04 Jul 2022 |
Research article |
Sustainable Development, the Circular Economy and Environmental Issues , Innovative Materials and Advanced Manufacturing
Bringing Eggshell Waste into the Circular Economy
This work was done in collaboration with the University of Saskatchewan (Prof. Duncan Cree) and presented in the context of the CSME 2021 International Congress.
Purchased on Istockphoto.com. Copyright.
Reducing Plastics Production with Eggshell Waste
Plastic production has been increasing every year since the 1950s.
Keeping that in mind, we need to define the concept of circular economy.
According to Ellen MacArthur, from the MacArthur Foundation:
‘’A circular economy is based on the principles of designing out waste and pollution, keeping products and materials in use, and regenerating natural systems.’’
This diagram from Québec circulaire helps illustrate the concept.
Our work fits well with this approach as we aim to reduce resource consumption, in this case virgin plastic, replacing it in part with waste eggshell powder (i.e. calcium carbonate). At the same time, this contributes to divert waste from landfills by repurposing or giving a new life as the eggshells used are sourced from breaking plants. Breaking plants are industrial facilities where the shell eggs are converted to liquid or further-processed egg products. They typically dispose of their eggshell waste in landfills at a cost to the industry.
How is eggshell waste problematic?
First, several billions of eggs are produced yearly per country.
In most developed countries, 30% of produced eggs go to egg breaking plants.
- Most of the eggshell waste around the world ends up in landfills.
- For example, in the US and Europe, egg breaking plants pay approximately USD $100,000 per year to dispose of eggshells in landfills.
- This poses an environmental problem as their decomposition produces compounds like ammonia, hydrogen sulphide, and amine releasing high levels of contaminants and odours.
- Eggshells can also carry pathogens such as E.coli or salmonella.
A review  on the production and availability of eggshell waste and its potential as a filler in other fabrication processes—injection molding, hot pressing, compression molding, film casting—was done previously by Prof. Cree and one of his students. All the previous statements are also backed by this review.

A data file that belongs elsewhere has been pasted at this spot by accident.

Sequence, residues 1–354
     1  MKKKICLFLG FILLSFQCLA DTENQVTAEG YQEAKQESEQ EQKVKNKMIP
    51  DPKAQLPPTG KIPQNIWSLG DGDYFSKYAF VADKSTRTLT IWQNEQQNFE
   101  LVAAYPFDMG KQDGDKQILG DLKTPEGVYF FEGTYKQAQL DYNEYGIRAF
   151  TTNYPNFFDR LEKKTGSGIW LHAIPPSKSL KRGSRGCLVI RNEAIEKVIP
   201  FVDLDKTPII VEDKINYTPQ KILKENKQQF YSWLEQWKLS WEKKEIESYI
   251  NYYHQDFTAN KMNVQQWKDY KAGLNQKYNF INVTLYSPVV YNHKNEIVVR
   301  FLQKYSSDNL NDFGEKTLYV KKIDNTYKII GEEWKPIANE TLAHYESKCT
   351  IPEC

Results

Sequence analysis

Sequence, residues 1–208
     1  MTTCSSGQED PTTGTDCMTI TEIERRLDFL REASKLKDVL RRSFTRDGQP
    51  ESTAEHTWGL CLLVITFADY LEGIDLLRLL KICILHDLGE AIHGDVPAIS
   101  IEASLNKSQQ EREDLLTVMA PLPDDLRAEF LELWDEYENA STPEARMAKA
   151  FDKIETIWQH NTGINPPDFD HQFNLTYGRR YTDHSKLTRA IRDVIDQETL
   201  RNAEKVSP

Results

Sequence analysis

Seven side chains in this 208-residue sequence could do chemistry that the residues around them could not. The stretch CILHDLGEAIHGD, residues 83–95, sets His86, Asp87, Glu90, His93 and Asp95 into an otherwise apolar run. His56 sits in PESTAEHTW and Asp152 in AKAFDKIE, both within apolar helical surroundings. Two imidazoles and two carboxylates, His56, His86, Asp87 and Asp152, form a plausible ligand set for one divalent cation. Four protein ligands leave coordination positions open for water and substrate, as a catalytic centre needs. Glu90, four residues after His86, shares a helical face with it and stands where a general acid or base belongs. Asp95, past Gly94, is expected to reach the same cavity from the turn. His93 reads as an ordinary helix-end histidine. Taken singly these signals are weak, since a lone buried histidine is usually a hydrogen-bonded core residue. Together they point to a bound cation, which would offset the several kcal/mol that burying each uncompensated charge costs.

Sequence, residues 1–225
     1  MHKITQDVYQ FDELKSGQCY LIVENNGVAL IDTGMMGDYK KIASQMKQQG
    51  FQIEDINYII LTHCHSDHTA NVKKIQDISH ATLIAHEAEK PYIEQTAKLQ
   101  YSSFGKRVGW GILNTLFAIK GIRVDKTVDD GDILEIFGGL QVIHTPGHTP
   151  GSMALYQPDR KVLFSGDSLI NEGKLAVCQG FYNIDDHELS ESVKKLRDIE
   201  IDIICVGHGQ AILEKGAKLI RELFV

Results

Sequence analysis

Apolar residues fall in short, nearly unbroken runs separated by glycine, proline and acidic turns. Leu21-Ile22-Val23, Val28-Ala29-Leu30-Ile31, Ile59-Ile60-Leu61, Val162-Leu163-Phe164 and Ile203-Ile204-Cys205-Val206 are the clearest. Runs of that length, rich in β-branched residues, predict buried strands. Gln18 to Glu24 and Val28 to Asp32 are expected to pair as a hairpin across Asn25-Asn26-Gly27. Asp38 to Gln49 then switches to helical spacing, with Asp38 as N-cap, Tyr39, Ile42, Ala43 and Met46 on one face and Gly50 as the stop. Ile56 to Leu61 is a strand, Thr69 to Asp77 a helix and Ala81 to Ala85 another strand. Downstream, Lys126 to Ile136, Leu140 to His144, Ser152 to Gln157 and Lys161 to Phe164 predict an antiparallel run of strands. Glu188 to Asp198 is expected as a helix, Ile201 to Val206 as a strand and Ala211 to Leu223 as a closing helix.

Objectives of this Research
Our main goal is to develop a new sustainable and high-performing material for 3D printing that fits within a circular economy, as additive manufacturing is predicted to play an important role in the shift toward a more circular economy, due to its lean (i.e. less waste during manufacturing) and agile nature.
More specifically, in this work, we evaluated the flexural performance and the ductility of PLA/eggshell composite test specimens. In other words, we try using waste to not only reduce waste streams but also to improve PLA ductility.
Preparing and Testing Composite Specimens
First, we will show the material preparation process starting with the filler preparation.
Following is a simplified flowchart of the filler preparation.
- The eggshells are rinsed with hot water to remove any remaining egg white and organic membrane.
- Then, they are crushed into coarse particles of a few millimeters.
- Water is then added to form a slurry and the coarse particles are milled into smaller particles.
- Finally, the powdered particles are dried at about 105 °C for 24 h before being sifted through a 32-micron sieve.
The final product takes the form of a fine white powder as shown in image C.
Here is another flowchart representing the composite material and sample production process.
- The waste product is the powdered eggshell.
- It is mixed with PLA pellets to be processed by melt blending to obtain composite pellets.
- Composite pellets with different weight percentages of filler are produced.
- These composite pellets are then used to extrude 3D printing filaments.
Here is an image of the equipment that we used to extrude the composite 3D printing filament.
The unit is a Filabot setup composed of:
- an extruder to the right
- a cooling station in the middle
- a spooling station to the left
A digital measuring device is put in place to ensure the diameter of the filament produced is constant and within specs.
With this filament we can now print composite samples that will be used for the flexure testing.
Here is a brief summary of the printing parameters used to produce the composite samples, as well as a brief summary of the parameters regarding the 3-point bending flexure test.
- The samples were printed using a Ultimaker 3 3D printer